US8021166B1 (en) 2004-02-12 2011-09-20 Super Talent Electronics, Inc. Extended USB plug, USB PCBA, and USB flash drive with dual-personality for embedded application with mother boards
US8028158B1 (en) * 2008-07-10 2011-09-27 Cms Products, Inc. Method and apparatus for creating a self booting operating system image backup on an external USB hard disk drive that is capable of performing a complete restore to an internal system disk
US8043099B1 (en) 2004-02-12 2011-10-25 Super Talent Electronics, Inc. Extended USB plug, USB PCBA, and USB flash drive with dual-personality
US8073985B1 (en) 2004-02-12 2011-12-06 Super Talent Electronics, Inc. Backward compatible extended USB plug and receptacle with dual personality
US8102662B2 (en) 2007-07-05 2012-01-24 Super Talent Electronics, Inc. USB package with bistable sliding mechanism
US8116083B2 (en) 2007-12-04 2012-02-14 Super Talent Electronics, Inc. Lipstick-type USB device with tubular housing
US8240034B1 (en) 2000-01-06 2012-08-14 Super Talent Electronics, Inc. High throughput manufacturing method for micro flash memory cards
US8625270B2 (en) 1999-08-04 2014-01-07 Super Talent Technology, Corp. USB flash drive with deploying and retracting functionalities using retractable cover/cap
US20140067915A1 (en) * 2012-09-03 2014-03-06 Samsung Electronics Co., Ltd. Terminal device and data communication method thereof
US20140163739A1 (en) * 2012-12-07 2014-06-12 Flow Data, Inc. Dynamically-configurable local operator interface for upstream oil and gas wellhead control and monitoring
US20150134943A1 (en) * 2013-11-08 2015-05-14 Industrial Technology Research Institute System and a method of building a primary system
US9760528B1 (en) * 2013-03-14 2017-09-12 Glue Networks, Inc. Methods and systems for creating a network
US9785412B1 (en) 2015-02-27 2017-10-10 Glue Networks, Inc. Methods and systems for object-oriented modeling of networks
US9928082B1 (en) 2013-03-19 2018-03-27 Gluware, Inc. Methods and systems for remote device configuration

Families Citing this family (4)

* Cited by examiner, † Cited by third party
Publication number Priority date Publication date Assignee Title
JP4850949B2 (en) * 2007-03-19 2012-01-11 富士通株式会社 Thin client terminal apparatus, the operation program, and method, and a thin client system,
US8055893B2 (en) * 2008-08-28 2011-11-08 Lenovo (Singapore) Pte. Ltd. Techniques for booting a stateless client
US8869138B2 (en) 2011-11-11 2014-10-21 Wyse Technology L.L.C. Robust firmware update with recovery logic
CN103593281B (en) * 2012-08-15 2016-06-15 纬创资通股份有限公司 Test system and test method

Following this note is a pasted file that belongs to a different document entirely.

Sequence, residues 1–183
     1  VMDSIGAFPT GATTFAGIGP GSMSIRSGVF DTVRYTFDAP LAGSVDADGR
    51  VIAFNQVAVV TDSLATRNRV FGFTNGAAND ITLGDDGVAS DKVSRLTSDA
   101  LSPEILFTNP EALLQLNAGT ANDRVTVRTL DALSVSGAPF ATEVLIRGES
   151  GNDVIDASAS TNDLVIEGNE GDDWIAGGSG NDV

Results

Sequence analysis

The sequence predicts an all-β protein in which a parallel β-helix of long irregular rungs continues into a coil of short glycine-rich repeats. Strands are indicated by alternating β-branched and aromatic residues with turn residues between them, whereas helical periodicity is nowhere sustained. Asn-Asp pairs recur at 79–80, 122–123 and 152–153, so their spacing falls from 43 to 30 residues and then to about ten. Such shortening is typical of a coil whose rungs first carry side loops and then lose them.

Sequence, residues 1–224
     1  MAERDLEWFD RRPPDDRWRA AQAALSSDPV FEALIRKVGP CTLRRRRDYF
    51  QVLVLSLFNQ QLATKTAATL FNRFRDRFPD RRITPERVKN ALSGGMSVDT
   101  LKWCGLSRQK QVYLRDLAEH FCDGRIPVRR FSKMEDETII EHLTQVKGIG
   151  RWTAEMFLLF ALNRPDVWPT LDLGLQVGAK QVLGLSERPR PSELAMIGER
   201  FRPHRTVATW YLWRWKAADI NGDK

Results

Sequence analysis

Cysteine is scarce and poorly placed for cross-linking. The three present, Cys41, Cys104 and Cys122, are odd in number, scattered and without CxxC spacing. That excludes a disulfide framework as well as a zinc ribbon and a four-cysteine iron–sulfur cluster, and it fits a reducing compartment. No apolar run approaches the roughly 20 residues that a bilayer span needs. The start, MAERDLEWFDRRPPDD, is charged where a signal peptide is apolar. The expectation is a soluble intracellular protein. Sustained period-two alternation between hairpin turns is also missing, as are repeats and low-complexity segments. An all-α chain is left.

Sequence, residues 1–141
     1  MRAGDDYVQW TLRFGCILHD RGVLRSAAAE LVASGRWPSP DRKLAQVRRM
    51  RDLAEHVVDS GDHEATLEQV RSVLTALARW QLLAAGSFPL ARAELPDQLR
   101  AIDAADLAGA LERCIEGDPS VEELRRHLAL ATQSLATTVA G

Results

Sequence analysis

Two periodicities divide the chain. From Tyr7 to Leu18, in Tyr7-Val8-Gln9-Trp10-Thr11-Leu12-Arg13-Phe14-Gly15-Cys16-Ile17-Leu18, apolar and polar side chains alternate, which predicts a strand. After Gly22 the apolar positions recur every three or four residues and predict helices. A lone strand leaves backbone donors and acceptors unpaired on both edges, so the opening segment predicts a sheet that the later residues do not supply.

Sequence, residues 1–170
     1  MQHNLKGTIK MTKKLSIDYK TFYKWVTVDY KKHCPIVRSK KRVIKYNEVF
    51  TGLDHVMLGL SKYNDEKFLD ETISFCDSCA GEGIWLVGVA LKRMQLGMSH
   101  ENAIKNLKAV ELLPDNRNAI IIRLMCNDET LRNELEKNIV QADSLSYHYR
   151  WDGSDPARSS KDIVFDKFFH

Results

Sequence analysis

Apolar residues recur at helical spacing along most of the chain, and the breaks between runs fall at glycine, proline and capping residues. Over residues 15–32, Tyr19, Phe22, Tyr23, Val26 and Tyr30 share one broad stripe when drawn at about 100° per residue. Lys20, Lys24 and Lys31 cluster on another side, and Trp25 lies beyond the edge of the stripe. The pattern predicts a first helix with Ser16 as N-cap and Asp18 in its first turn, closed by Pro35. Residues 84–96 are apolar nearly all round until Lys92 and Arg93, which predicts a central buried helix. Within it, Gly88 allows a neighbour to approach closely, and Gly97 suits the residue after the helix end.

Citations (9)

* Cited by examiner, † Cited by third party
Publication number Priority date Publication date Assignee Title
US5948101A (en) * 1996-12-02 1999-09-07 The Foxboro Company Methods and systems for booting a computer in a distributed computing system
US6055631A (en) * 1997-12-18 2000-04-25 Intel Corporation Method and apparatus for booting a portable computing device
US20030005278A1 (en) * 2001-06-30 2003-01-02 Guoshun Deng Multifunction semiconductor storage device and a method for booting-up computer host
US6598159B1 (en) * 2000-06-27 2003-07-22 Intel Corporation Option-ROM boot
US20040236997A1 (en) * 2003-04-02 2004-11-25 Trek 2000 International Ltd. Portable operating system and method to load the same
US6928541B2 (en) * 2000-06-13 2005-08-09 Yutaka Sekiguchi User-authentication-type network operating system booting method and system utilizing BIOS preboot environment
US6954853B2 (en) * 2002-02-26 2005-10-11 Via Technologies, Inc. Remote boot system for multiple client terminals and method thereof
US7054941B2 (en) * 2001-09-21 2006-05-30 Via Technologies Inc. Method and network system for transferring programs
US7257608B2 (en) * 1999-03-29 2007-08-14 National Institute Of Information And Communications Technology Incorporated Administrative Agency Apparatus and method for outputting sequence of vectors, data recording medium, and carrier wave signal

Patent Citations (9)

* Cited by examiner, † Cited by third party
Publication number Priority date Publication date Assignee Title
US5948101A (en) * 1996-12-02 1999-09-07 The Foxboro Company Methods and systems for booting a computer in a distributed computing system
US6055631A (en) * 1997-12-18 2000-04-25 Intel Corporation Method and apparatus for booting a portable computing device
US7257608B2 (en) * 1999-03-29 2007-08-14 National Institute Of Information And Communications Technology Incorporated Administrative Agency Apparatus and method for outputting sequence of vectors, data recording medium, and carrier wave signal